Best Overall Deal

Sydney Airports Corporation Sale

Advisers to the Government - Salomon Smith Barney

Deals like the sale of Sydney Airports to the Southern Cross Airports Corporation come but once in a blue moon. The monstrous A$5.59 billion price tag paid by the winning consortium led by Macquarie Bank was a stellar outcome for Australia's Commonwealth Government which was advised by Salomon Smith Barney. While Macquarie was criticized after the deal for paying too much in the three-way bidding war (equating to 24.7 times 2001A EBITDA), there are few who will deny that Sydney Airports is a prized asset. SSB handled its mandate skillfully.

The sale was originally slated for September 2001, but the bank advised the government to postpone following the terrorist attacks in the US and the collapse of Australia's second domestic carrier Ansett. SSB's shrewd advice was rewarded when the government tried again in June 2002 and received three fully-underwritten bids.

The key equity investors in the winning Southern Cross consortium included HOCHTIEF Airport, Ferrovial Aeropuertos and a specialist airports fund launched by Macquarie Bank. The sale then led to some of the largest and most successful debt and equity-linked issues in the market's short history.

In August, Commonwealth Bank, Barclays Capital, Royal Bank of Scotland and SG Australia provided a A$3.95 billion financing package that included a A$2.45 billion loan syndication and a A$1.5 billion bridge facility. The 364-day bridge was then successfully re-financed in October via a triple-A credit wrapped bond deal lead managed by Commonwealth Bank, Barclays Capital Markets, Macquarie Bank and SG Australia, with offshore investors taking 30% of the issue.

There was also an innovative issue of floating IPO exchangeable reset securities - a A$600 million transaction structured by UBS Warburg and Macquarie Bank (see Best Equity-Linked Deal). Overall the sale of Sydney Airports Corporation was the best deal of the year in Australia.

 

Best IPO

BHP Steel

ABN AMRO Rothschild and CSFB

Once nicknamed the Quiet Achiever, BHP has had more than its share of dud financial deals in the past. But the A$2.2 billion spin-off and listing of its subsidiary BHP Steel in July 2002 was an achievement worth shouting about. The intention to list BHP Steel was announced in March 2001 following the dual listing exercise by its parent, which saw BHP Limited and Billiton plc merge to form BHP Billiton.

A spin-off was considered the best way for BHP Billiton to focus on its minerals and petroleum assets, while giving BHP Steel the cash to fund its growth strategy. The listing was jointly managed by ABN AMRO and CSFB which pulled in their foreign contacts to place 34% of the shares overseas.

Locally, the deal attracted the type of institutional demand not seen since the sale of Telstra 2, ultimately generating A$1 billion worth of interest at the final price of A$2.80 per share. While this was at the lower end of the indicative price range of A$2.60 to A$3.30, the stock debuted at A$2.90 and climbed to A$3.00 soon after the issue.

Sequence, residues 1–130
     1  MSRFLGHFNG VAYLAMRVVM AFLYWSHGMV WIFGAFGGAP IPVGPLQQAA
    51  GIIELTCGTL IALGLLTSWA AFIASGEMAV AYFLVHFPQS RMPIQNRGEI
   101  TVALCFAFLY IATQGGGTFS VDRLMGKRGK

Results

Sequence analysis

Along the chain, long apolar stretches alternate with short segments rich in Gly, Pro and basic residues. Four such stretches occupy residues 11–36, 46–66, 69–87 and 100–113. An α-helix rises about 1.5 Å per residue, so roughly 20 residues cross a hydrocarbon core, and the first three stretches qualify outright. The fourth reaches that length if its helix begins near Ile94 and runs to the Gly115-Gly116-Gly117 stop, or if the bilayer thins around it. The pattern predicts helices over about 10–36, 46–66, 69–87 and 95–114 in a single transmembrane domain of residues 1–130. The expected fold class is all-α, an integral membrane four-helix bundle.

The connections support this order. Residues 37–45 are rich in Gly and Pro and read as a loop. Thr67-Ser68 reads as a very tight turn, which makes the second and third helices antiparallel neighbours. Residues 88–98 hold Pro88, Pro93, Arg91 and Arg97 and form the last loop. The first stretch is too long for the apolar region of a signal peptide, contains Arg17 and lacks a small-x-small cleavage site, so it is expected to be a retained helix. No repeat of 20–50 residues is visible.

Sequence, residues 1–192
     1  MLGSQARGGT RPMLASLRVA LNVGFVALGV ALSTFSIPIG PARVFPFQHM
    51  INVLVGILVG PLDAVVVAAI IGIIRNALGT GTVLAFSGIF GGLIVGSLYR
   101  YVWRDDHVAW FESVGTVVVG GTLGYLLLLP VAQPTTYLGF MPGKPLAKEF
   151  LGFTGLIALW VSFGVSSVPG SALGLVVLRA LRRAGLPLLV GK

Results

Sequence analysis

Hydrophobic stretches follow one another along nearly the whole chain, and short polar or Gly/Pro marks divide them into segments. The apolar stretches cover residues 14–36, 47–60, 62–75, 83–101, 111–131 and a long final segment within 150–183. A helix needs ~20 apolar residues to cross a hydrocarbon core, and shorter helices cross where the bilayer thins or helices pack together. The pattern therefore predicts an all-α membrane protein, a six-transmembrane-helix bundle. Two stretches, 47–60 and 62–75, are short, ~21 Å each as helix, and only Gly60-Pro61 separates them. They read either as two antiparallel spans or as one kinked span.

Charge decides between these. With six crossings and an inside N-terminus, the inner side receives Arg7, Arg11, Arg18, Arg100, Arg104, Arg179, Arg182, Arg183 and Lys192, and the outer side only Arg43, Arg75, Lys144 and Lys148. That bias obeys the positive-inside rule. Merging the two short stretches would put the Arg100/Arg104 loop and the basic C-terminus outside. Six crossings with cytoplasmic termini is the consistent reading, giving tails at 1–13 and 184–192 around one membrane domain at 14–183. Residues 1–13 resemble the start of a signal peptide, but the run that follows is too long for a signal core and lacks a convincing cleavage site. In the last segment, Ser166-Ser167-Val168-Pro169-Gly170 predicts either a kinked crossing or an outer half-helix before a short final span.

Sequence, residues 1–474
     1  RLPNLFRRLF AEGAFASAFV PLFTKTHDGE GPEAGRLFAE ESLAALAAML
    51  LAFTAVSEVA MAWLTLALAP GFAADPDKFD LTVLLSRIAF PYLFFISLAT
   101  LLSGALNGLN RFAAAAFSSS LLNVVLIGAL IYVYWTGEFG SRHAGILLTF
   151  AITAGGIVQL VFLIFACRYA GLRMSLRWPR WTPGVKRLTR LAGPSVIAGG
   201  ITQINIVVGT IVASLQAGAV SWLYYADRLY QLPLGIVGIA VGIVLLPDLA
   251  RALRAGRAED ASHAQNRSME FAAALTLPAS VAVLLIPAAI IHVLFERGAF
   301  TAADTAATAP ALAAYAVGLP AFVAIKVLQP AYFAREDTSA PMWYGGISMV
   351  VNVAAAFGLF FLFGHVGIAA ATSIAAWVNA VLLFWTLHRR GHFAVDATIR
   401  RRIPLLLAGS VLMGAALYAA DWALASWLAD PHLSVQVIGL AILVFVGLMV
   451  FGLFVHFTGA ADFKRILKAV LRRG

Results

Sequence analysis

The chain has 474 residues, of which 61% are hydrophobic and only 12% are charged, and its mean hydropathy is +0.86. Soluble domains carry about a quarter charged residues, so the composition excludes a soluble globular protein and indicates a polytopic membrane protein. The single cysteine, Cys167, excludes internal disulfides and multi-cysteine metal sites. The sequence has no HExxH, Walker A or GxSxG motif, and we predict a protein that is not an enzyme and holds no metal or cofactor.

The BHP Steel transaction was particularly noteworthy for its innovative matching action facility designed to deal with the company's dual-listing structure. The facility allowed for a compensatory adjustment to BHP Billiton plc shareholders who were not entitled to BHP Steel shares. This took the form of a bonus issue of BHP Billiton shares to existing stock owners.

ABN AMRO and CSFB achieved a good result for the Quiet Achiever in tough market conditions.

 

Best Secondary Offering

Westfield America Trust A$1.35 billion equity placement

UBS Warburg

One of the enduring themes in Australia's capital markets last year was the trend for local investors to gain access to offshore assets via ASX listed holding companies. And the company that forged the way was Westfield America Trust, a property trust built by complex corporate deal making that owns interests in dozens of malls across the US and is run by much respected chairman Frank Lowy.

In January last year Westfield announced that it was raising A$2.4 billion to acquire the assets of US mall operators Rodamco. While the eventuating deal didn't quite turn out how Lowy had envisaged it did elevate Westfield to the second-largest mall operator in the US behind Simon Property Group.

To fund this push, UBS Warburg was hired as sole lead manager to underwrite A$800 million of the trust's ordinary units and structure A$350 million in reset preference shares. The Swiss house generated more than A$2 billion in demand in under 18 hours, allowing it to upscale the deal to A$1.35 billion and scrap the reset preference issue. More than 130 institutions from 10 countries placed orders for the shares.